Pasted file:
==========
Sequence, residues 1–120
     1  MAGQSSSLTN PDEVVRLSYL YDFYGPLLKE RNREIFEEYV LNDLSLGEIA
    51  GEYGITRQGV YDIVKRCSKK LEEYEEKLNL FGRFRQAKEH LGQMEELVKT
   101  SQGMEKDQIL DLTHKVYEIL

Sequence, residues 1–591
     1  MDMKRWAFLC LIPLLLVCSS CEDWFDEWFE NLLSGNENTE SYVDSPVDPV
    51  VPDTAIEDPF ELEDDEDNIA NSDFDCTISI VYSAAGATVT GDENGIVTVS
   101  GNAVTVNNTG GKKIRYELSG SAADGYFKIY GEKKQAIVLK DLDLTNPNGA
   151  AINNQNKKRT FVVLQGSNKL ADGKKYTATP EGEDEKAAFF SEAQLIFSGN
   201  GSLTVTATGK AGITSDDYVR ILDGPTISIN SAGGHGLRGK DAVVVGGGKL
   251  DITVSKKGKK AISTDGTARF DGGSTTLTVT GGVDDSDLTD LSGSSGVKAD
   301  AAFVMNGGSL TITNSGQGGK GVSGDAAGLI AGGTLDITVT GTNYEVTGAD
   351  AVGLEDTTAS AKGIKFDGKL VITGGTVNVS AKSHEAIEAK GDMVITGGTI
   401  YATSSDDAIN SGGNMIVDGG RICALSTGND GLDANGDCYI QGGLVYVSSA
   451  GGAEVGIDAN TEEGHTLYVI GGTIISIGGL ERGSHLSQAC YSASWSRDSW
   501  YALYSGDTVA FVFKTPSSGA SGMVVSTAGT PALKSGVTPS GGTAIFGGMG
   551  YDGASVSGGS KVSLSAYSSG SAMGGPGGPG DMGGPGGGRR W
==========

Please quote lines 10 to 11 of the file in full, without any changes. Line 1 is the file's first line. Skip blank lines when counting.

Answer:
   201  GSLTVTATGK AGITSDDYVR ILDGPTISIN SAGGHGLRGK DAVVVGGGKL
   251  DITVSKKGKK AISTDGTARF DGGSTTLTVT GGVDDSDLTD LSGSSGVKAD